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Vranken-Pommery tests the waters of vine density in English ‘trials’

Published:  07 October, 2022

Vranken-Pommery’s English wine ‘trials’ at its Pinglestone Estate in Hampshire could prompt viticulture changes in Champagne, the house has said, with Pinglestone being used as a ‘laboratory’ where findings on lowering vine density could be taken across the Channel.

Vranken-Pommery’s (VPM) English vineyard has half the vine density compared with its Champagne vineyards. Now, Harpers can reveal that trials will assist the Vranken-Pommery team in its efforts to reduce vine density in Champagne, following a rule change in September.

“We have about 10,000 vines per ha in Champagne compared to 5,000 vines per ha here,” said Pierre-Hubert Crozat, Vranken-Pommery’s Champagne and English sparkling winemaker.

“So Pinglestone is a laboratory, where we can do trials to know how vineyards adapt to lower vine density.”

In September, France’s appellation body, the INAO (Institut National De L’Origin et de la Qualité), adopted a measure to reduce the mandatory density of planting in Champagne from 8,000 vines per ha to 6,000 vines per ha.

It is understood that vine density reduction in Champagne may lead to the reduction of CO2 emissions on vineyards and help producers reduce chemical inputs. Champagne growers are also poised to experiment with Voltis, a disease resistant grape variety.

In March this year, Vranken-Pommery blamed rainfall and crop losses in 2021 on its decision to reverse a move to convert the majority of its Champagne vineyards to organic viticulture.

In England, where the house has planted 3kms of trees, the company does not use herbicides. However, the local climate means that the vineyards are not, and cannot, currently be fully organic.

Crozat admitted global warming had prompted concerns over acidity levels in Champagne grapes. However, acidity levels in its English Chardonnay grapes – with a pH level of between 2.9 and 2.95 – remained much higher than in Vranken-Pommery’s Chardonnay grapes in Champagne.

Sunburn Harvest 2022

Despite Pinot Noir grapes (clones 459 and 777) reaching optimal ripeness this year, Vranken-Pommery showed how west-facing grapes had been hit by sunburn.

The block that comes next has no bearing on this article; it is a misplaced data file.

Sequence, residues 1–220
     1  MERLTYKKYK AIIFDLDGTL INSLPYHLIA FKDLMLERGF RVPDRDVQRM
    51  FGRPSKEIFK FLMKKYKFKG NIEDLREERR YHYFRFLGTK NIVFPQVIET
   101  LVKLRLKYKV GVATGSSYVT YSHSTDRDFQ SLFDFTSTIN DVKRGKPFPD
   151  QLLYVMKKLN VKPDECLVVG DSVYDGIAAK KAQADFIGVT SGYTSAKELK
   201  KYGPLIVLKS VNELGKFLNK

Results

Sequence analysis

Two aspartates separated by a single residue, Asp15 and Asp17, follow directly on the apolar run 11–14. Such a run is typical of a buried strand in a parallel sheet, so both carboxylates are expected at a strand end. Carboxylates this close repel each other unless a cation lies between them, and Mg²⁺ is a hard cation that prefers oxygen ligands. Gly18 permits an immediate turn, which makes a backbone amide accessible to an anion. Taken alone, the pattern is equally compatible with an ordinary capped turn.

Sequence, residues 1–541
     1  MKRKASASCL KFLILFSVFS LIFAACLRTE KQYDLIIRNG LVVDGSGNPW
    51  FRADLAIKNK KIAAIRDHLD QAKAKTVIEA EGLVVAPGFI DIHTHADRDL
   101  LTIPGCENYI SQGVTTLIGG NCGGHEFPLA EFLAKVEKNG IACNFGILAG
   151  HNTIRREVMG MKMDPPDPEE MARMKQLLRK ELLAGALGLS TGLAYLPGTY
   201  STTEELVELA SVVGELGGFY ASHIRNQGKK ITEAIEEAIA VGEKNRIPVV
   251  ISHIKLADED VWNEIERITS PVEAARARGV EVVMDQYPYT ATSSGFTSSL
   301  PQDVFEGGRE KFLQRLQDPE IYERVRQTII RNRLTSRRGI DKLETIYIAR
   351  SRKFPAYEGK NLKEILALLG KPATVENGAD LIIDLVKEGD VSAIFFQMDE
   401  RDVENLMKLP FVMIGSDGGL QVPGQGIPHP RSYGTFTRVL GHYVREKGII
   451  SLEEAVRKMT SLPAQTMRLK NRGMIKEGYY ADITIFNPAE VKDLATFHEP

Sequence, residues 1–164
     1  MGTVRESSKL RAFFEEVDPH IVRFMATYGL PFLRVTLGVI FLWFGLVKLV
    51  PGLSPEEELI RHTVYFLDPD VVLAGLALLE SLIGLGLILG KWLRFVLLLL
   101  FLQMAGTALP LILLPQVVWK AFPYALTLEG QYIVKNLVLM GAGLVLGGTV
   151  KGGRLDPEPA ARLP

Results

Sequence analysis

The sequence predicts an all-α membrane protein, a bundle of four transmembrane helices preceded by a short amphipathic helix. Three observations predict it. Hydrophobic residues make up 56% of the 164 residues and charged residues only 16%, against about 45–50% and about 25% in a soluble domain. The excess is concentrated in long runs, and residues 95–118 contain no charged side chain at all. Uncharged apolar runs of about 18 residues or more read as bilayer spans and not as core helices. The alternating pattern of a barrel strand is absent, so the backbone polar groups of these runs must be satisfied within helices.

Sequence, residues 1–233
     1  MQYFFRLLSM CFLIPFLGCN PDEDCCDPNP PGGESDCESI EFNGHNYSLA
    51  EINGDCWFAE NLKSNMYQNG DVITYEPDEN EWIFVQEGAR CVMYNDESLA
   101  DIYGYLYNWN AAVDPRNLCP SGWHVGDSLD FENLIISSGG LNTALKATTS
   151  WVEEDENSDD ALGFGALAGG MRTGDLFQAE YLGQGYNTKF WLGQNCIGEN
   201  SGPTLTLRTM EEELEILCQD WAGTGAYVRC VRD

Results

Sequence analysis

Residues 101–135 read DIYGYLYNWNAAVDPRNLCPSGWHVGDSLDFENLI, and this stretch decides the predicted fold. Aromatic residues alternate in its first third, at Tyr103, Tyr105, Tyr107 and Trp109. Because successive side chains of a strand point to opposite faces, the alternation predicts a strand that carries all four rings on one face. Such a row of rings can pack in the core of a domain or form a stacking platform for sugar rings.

“It’s the first time in the UK that we had sunburn. This first happened in Champagne six or seven years ago,” said Clement Pierlot, Vranken-Pommery’s cellarmaster. However, he added that ripeness levels for clean bunches of Pinot Noir (with a potential alcohol level of 10 degrees) were “much better” this year, compared with 2021.

UK Met Office provisional data shows that the first nine months of 2022, combined, were the warmest on record. But Pierlot warned that rain in September meant that the skins of grapes were more fragile. VPM said it expected a bigger harvest this year than in 2021, despite smaller but more concentrated yields in some areas following spring frost on April 2. “Our vineyards are well exposed and good for ripeness, but are sensitive to frost,” Pierlot said.

Expansion in England

This week, VPM released its latest non-vintage Louis Pommery England sparkling wine (100% malolactic fermentation, 8g/l dosage) made predominately from the lauded 2018 vintage, of which 15% is made of reserve wines from 2016 and 2017.

“The wine is a question of blends. We are making Louis Pommery England in the same spirit as in Champagne. With the 2018 base wine we are almost close to the final [optimal] blend,” said Pierlot.

“Thanks to the use of reserve wines, we can find a good balance between maturity and the freshness and acidity of the English terroir, together with a nice aromatic profile of red fruits,” Crozat added. Vranken-Pommery announced that it would also be making vintage wines, starting from the 2020 harvest, a part of a further qualitative evolution in production.

Having become the first Champagne house to produce English wine, Vranken-Pommery aims to expand production to between 200 and 250,000 bottles a year by 2024, excluding reserve wine storage, on at least 40 ha of vineyards.

Vranken-Pommery, is one of the biggest Champagne producers. In Hampshire, it uses Hattingley Valley’s winery to make its traditional method English sparkling wines, but it said it was ‘hopeful’ that Winchester City Council would, in December, approve its application to build a winery on its Pinglestone Estate near Alresford.